A turn in the weather whistled a bolt of cold over my body, goose-fleshing as we journeyed towards Jasper and Banff in Canada’s Alberta province. Cold inquires at first investigated the tips of my fingers, chin and nose, feeling their sharp little claws sink in when my gums were no longer warm. What did I expect from alpine towns—amid the snow-capped Canadian Rockies—revelling in their own microclimates.
“Oh look, thar she blows.” Far out in the distance a whale blew, and a pillar of water fountained up. My eyes widened at the calm beauty. Ferrying for the best part of two days from Juneau, Alaksa to Prince Rupert, Canada became our third cruisey foray into exploring Alaska’s Inside Passage, courtesy of its Marine Highway. Taking the slow ferry gave us the flexibility to experience life and logistics as the typical family might along this coastal connection of communities: bring your vehicle, bring your dog (or “marvellous other”), and enjoy what is essentially a poor man’s cruise.
Where the city ends, Juneau Icefield begins—and keeps going and going. Undoubtedly, its centerpiece is Mendenhall Glacier. Like just about everything else in Southeast Alaska, it sits inside Tongass National Forest. Incredibly, a temperate rainforest no less, which in parts endures more than 16 feet of annual rainfall. No surprise that a fine drizzle falling on the coastal city is often present, wetting the leaves and branches, then gathers into big drops that plop onto your head and arms. Although the rain is such a natural occurrence in Juneau, it almost starts to feel invisible. The incessant murmur on the rooftops wasn’t likely to dampen the euphoria here.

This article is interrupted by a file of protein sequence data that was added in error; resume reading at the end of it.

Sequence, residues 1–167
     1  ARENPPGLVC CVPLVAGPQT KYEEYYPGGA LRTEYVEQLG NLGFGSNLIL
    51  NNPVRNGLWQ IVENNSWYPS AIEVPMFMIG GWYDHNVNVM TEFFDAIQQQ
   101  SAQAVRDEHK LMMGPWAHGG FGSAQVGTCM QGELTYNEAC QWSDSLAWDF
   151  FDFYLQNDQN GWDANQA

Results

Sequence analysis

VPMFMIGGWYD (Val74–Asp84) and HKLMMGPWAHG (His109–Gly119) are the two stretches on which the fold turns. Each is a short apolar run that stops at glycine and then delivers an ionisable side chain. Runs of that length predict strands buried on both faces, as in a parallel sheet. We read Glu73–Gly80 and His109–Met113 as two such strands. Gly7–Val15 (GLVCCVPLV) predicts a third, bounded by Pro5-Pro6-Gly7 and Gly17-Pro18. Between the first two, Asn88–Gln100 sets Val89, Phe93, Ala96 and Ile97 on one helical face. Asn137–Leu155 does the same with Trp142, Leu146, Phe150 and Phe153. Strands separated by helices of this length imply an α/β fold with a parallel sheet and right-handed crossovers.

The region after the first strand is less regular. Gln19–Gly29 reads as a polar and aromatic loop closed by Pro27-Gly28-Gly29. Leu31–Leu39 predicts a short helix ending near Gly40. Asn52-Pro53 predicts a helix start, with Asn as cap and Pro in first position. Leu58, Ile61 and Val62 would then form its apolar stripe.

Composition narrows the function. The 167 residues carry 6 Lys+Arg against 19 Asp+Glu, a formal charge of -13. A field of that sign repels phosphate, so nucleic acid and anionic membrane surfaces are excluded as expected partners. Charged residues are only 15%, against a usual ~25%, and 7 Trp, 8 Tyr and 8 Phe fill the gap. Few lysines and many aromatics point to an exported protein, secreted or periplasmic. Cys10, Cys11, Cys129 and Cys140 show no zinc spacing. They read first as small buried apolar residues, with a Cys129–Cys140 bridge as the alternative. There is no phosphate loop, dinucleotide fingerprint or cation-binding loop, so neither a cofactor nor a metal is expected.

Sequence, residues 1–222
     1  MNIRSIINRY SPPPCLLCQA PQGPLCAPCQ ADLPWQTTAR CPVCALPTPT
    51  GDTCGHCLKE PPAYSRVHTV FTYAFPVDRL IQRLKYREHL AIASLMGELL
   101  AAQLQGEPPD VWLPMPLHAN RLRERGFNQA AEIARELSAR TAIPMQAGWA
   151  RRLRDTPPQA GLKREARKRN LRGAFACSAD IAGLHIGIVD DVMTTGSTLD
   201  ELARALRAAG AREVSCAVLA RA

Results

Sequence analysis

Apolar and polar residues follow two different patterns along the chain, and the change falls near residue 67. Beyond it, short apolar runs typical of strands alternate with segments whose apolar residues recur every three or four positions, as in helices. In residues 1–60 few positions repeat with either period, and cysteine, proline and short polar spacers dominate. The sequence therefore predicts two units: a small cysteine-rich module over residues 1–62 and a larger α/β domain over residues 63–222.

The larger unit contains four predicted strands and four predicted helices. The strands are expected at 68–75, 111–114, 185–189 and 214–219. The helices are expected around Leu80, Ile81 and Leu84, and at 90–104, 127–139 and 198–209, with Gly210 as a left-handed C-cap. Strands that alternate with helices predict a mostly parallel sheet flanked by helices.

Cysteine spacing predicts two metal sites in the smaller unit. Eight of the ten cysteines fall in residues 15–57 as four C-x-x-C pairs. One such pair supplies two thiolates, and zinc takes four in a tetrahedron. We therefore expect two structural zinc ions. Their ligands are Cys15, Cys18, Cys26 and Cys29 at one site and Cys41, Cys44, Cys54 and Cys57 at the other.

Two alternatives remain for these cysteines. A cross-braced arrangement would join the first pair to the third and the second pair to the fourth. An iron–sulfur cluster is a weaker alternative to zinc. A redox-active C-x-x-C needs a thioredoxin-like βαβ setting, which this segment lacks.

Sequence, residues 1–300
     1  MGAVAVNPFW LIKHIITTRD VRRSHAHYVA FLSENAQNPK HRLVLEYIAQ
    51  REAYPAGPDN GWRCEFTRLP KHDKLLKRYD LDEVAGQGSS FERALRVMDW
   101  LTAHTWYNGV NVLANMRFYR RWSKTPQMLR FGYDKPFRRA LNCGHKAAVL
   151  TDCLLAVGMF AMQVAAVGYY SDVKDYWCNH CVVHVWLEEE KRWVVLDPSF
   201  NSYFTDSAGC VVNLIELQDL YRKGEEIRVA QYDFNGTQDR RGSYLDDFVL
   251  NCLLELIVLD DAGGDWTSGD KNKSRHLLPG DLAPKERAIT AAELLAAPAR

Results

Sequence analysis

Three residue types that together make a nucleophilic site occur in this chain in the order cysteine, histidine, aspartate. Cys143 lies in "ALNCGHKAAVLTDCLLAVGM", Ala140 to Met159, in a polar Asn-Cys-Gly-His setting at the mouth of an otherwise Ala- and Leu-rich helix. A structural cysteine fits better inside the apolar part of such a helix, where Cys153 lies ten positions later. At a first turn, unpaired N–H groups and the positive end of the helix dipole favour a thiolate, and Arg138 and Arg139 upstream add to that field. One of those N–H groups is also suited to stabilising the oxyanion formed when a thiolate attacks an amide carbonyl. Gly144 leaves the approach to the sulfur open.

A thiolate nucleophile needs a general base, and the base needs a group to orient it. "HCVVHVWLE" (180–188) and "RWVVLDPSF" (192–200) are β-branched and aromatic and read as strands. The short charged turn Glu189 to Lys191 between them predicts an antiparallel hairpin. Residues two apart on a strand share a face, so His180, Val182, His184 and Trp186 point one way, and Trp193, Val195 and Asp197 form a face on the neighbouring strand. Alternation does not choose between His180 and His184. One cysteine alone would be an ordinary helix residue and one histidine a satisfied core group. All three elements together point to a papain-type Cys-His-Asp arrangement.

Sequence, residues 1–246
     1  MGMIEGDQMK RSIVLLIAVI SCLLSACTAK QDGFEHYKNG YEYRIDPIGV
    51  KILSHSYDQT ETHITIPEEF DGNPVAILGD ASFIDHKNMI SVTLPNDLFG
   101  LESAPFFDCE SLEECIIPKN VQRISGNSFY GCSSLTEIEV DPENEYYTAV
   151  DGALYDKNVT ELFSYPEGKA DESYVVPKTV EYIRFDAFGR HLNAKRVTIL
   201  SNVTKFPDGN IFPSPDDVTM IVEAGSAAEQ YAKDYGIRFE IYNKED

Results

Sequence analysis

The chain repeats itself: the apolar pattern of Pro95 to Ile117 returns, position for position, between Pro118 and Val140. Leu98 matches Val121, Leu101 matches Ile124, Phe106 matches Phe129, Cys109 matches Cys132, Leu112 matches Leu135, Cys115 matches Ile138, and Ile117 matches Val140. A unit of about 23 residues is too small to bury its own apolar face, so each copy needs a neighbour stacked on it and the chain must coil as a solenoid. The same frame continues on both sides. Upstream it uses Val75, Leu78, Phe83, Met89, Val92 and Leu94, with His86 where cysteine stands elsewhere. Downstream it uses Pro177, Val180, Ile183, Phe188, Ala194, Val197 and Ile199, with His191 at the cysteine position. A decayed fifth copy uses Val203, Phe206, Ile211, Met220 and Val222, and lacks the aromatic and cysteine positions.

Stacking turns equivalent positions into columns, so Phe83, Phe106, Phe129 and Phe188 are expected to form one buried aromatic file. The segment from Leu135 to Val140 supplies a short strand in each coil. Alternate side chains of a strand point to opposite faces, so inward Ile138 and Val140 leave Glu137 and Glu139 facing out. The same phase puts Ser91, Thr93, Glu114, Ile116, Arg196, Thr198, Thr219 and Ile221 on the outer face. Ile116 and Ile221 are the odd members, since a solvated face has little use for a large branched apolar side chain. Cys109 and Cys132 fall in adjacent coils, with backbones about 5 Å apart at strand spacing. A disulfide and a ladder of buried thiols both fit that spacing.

Having learned it was “bubble net” season for a short spell sporadically through the summer months, and hoping to catch the tail end of it—no pun intended—I unearthed that such a phenomenon only occurs in Southeast Alaska by an elite few. Indeed, there was no time to lose in catching the ferry to the state capital and book on the next available whale watching tour with Juneau Whale Watch.
Regrouping with the Fishhook Fatties in Wasilla from coming down the Dalton, we jumped at joining them in celebrating Jade Laughlin’s birthday. Over a succulent hog roast (formerly known as Leona, hand reared by one of the younger Fishhook Fatties), and locally brewed beer: a refreshing Rhubarb Hefeweizen and Salted Caramel Red blend, which had been commissioned by the Fatties no less.
After perhaps the liveliest non-rallies I’ve experienced—Dust to Dawson—the road to Thompson’s Eagle’s Claw Campground in Tok beat backward under us. I rose the following morning muddy-eyed having burnt the candle down to a nub. Stepping out of Tok and leaving behind the fairytale of trees whose brindled bark reminded me of muscular animals overgrown beyond all reason, we rode into a peevish wind towards Fairbanks. The sky told of something dark and foreboding, evening-coloured beneath an unbroken ceiling of charcoal grey at two in the afternoon. I got the most spectacular chills. Something wayward and menacing, wild as the day was long, not knowing a forest fire had triggered part of the expansive cloud cover.
If you haven’t heard about Dust to Dawson (D2D), you’re in for a real treat. Come, just trace a line on the map to Dawson in Yukon, Canada, hop on your moto from wherever that might be in the month of June and start riding. You’ll doubtless encounter crews of other bikers doing the same, if not make fast friends with some along the way. If you can, try not to rush or grab at getting there for a ride both rewarding and nurturing is likely to appear. Rock up to Dawson but just don’t call it a rally. Despite such a disclaimer, you’ll be in the thick of an atmosphere filled with the boundless joy and warmth that is D2D. And if you’re lucky, the experience will pull, tickle and tease you, perhaps challenge and enlighten you too. It did me.